I loved listening to this audiobook. I am unashamed of my obsession with Hamilton. I first heard the musical when NPR put the tracks on their website. One of my best friends lives in NYC and heard the buzz about the show. He knows about my love of musical theatre and history, and Hamilton is the perfect blend of both.
This book follows the show song by song and gives background information about the show that relates to each song. The book version also has the lyrics of the show accompanied by Lin-Manuel Miranda’s Genius annotations.
This book was a great behind the scenes look at Hamilton that any fan won’t want to miss.
A the recommendation of a patron, our unofficial circulation book club read this book. The Kind Worth Killing by Peter Swanson is a mystery/thriller that follows Lily, a woman who meets Ted on a plane. Ted confides in Lily that he wants to kill his wife, who he caught cheating on him.
While this sounds like it would be plenty for the plot of the novel, it is only the beginning. There are so many twists and turns in this book. Every time I thought that I knew the direction it was going, Swanson delivered another plot twist.
Unexpectedly, I loved this novel. It was more feminist than I thought it was going to be. I admit that I’m not an expert in this genre, but when I’ve read mysteries and thrillers written by men, the women are more archetypal than Lily. Even Miranda, who is painted as the shrew from the opening of the novel, has motives for her actions and is not just a plot device.
Overall, I enjoyed this novel. After trying to guess the next plot twist during the first section, I eventually gave up and let Swanson lead me on his tightly crafted roller coaster. This isn’t the most cerebral novel, but it kept everyone in the book club intrigued and gave us plenty to discuss.
Before the Fall by Noah Hawley is about a man who performs a heroic act, and then he has to live with the consequences. This novel follows Scott Burroughs, a painter who lives on Martha’s Vineyard. After a plane crash from a flight he never should have been on, Scott saves the life of a boy who is now the sole inheritor of a media empire.
This novel slowly picks apart the mystery of why the plane crash happened by diving into the backstories of the people aboard the plane. I love stories that start with the center of the story and then pick apart everything else to give the viewer the full picture. This succeeds in this, as you would expect from the creator and writer of Fargo.
Overall, I really liked this novel up until the end. Hawley is a master of spinning narrative out of a central event. But I thought the ending of the novel was cliché. Hawley is too good of a plotter and writer to fall into the traps that he did. But this novel will make a great blockbuster movie and it has already been optioned.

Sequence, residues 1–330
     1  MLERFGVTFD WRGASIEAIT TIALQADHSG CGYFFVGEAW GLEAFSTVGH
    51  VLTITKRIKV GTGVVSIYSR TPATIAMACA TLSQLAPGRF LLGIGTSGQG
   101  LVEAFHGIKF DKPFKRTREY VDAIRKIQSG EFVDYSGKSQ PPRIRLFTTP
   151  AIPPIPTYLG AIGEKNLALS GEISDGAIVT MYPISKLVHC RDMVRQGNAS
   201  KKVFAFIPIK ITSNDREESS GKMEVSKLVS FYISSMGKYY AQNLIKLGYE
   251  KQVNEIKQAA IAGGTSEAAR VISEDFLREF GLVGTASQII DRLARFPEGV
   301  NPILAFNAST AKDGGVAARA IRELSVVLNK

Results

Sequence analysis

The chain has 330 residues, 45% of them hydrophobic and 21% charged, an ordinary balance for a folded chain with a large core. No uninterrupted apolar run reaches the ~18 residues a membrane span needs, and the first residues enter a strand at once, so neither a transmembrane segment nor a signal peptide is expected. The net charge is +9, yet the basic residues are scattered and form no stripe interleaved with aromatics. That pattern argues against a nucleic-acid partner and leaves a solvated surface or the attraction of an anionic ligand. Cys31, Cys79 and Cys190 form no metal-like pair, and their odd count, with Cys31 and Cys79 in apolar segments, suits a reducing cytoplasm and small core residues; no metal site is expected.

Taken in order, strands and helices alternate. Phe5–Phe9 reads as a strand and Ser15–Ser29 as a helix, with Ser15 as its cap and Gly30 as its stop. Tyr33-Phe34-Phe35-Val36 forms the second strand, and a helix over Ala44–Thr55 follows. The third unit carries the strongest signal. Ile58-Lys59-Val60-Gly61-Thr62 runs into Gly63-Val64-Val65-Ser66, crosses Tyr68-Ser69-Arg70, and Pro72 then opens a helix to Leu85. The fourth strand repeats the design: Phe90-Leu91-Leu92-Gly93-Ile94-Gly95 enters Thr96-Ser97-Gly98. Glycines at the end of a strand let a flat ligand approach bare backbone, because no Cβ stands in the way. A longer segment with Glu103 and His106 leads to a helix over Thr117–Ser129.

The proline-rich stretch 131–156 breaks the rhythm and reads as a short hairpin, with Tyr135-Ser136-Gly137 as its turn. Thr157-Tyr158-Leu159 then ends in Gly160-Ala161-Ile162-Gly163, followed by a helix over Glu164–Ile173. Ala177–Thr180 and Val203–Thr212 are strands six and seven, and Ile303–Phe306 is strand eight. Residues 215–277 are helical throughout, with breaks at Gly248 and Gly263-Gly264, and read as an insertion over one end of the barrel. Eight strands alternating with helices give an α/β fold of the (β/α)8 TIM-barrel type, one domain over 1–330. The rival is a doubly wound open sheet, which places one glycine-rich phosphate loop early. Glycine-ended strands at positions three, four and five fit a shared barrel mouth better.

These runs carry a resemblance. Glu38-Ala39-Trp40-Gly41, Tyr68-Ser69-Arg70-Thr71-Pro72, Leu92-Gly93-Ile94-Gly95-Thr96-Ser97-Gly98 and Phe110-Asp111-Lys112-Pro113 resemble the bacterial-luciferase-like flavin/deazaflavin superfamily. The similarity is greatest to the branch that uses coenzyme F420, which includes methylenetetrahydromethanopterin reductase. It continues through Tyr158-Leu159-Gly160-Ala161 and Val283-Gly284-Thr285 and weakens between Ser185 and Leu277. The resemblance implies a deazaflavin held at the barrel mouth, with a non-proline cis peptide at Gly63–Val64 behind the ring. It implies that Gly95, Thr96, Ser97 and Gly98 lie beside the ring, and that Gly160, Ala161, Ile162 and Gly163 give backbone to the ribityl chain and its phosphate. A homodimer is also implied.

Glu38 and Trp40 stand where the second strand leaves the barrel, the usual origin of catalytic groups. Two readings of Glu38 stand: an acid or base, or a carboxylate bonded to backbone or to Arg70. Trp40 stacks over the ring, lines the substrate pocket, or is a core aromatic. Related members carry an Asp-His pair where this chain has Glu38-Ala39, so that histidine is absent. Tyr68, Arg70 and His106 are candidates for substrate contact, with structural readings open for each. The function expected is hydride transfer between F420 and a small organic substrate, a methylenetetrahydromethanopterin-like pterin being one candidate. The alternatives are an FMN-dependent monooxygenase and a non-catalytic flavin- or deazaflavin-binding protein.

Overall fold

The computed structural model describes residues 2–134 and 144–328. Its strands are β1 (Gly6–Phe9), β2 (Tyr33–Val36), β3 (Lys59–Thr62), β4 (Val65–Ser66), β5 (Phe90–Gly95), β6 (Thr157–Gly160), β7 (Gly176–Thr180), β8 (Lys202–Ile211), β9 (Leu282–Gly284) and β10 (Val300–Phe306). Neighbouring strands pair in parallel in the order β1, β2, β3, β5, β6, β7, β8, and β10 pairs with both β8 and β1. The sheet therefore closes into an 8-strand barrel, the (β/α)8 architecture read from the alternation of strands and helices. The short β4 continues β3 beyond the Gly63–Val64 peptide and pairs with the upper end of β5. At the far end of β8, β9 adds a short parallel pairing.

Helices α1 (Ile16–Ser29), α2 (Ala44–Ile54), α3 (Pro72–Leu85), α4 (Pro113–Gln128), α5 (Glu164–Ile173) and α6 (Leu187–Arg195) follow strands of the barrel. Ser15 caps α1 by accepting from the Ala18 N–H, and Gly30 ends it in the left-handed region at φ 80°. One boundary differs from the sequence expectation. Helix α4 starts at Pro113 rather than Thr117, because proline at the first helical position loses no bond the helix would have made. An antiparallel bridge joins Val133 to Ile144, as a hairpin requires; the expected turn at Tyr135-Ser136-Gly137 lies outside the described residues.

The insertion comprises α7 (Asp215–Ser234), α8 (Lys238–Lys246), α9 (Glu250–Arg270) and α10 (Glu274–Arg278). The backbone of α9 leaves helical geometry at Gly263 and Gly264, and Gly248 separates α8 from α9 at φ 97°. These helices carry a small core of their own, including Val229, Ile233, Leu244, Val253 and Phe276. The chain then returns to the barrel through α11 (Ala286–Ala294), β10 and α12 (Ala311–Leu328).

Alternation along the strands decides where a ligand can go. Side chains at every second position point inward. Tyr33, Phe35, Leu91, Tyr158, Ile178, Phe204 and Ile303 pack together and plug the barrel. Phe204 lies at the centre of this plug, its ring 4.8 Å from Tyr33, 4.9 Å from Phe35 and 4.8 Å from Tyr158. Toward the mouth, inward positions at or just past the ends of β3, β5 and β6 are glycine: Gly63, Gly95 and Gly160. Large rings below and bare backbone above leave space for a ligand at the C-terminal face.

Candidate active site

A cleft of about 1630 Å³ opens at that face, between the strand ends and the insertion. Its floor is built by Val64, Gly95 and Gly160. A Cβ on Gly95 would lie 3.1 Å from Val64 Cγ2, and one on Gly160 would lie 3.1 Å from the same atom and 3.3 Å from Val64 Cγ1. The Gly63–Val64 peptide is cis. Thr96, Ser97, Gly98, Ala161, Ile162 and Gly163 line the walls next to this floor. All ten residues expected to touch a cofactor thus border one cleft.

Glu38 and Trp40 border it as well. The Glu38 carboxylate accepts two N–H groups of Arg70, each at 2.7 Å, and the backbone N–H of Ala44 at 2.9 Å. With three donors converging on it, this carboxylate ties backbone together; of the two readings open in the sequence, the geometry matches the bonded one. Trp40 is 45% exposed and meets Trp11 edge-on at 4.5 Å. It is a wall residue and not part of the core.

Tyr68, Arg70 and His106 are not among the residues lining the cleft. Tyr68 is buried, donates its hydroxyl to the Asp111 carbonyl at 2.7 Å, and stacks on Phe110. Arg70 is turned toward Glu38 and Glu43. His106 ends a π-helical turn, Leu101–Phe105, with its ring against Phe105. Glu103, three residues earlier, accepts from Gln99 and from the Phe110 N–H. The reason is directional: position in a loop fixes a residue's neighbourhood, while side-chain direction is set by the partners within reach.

When I read this book for my 2016 Reading Challenge, I’d just heard about the TV series for Hulu. I’m reviewing this book through a recommendation. If there’s anything else that you want me to read and review, please don’t hesitate to ask! When I say that this book changed the way I think, I do so without a hint of irony. Margaret Atwood’s The Handmaid’s Tale is literary without being pretentious and, since January 20, 2107, closer to reality in the United States than we ever expected.
For those unfamiliar with the novel, it follows the story of Offred, a woman who is a Handmaid. Handmaids are women whose function is to sexually satisfy and bear children for the elite of a new religious oligarchy. But these men who are the head of the new system also have wives. Offred is assigned to The Commander and his wife, Serena Joy, because she is infertile. In actuality, The Commander is infertile, but men are not allowed to be infertile under the laws of Gilead, the new nation and government.
I’ve read the majority of classic dystopian novels. This one stands out to me for three reasons: the female protagonist, its subsequent focus on female issues, and that it is from the perspective of someone who remembers ‘before’. I like 1984 and Brave New World, but they have no concern for women beyond the typical archetypal roles of whore and/or mother. The Handmaid’s Tale is from the perspective of a woman who remembers the freedom she had before the current extreme patriarchal society that took over.
I can’t really express how much this novel affected me in just a few short paragraphs. I have trouble articulating it at all, actually. I read literature to gain perspectives that aren’t my own. But we are just a few small steps away from a United States that could resemble the one that Offred lives in. I love this novel because it’s a mixture f many of my favorite genres: dystopian, feminist, and sci-fi/fantasy. Every word of this novel resounded with me and I already can’t wait to read it again.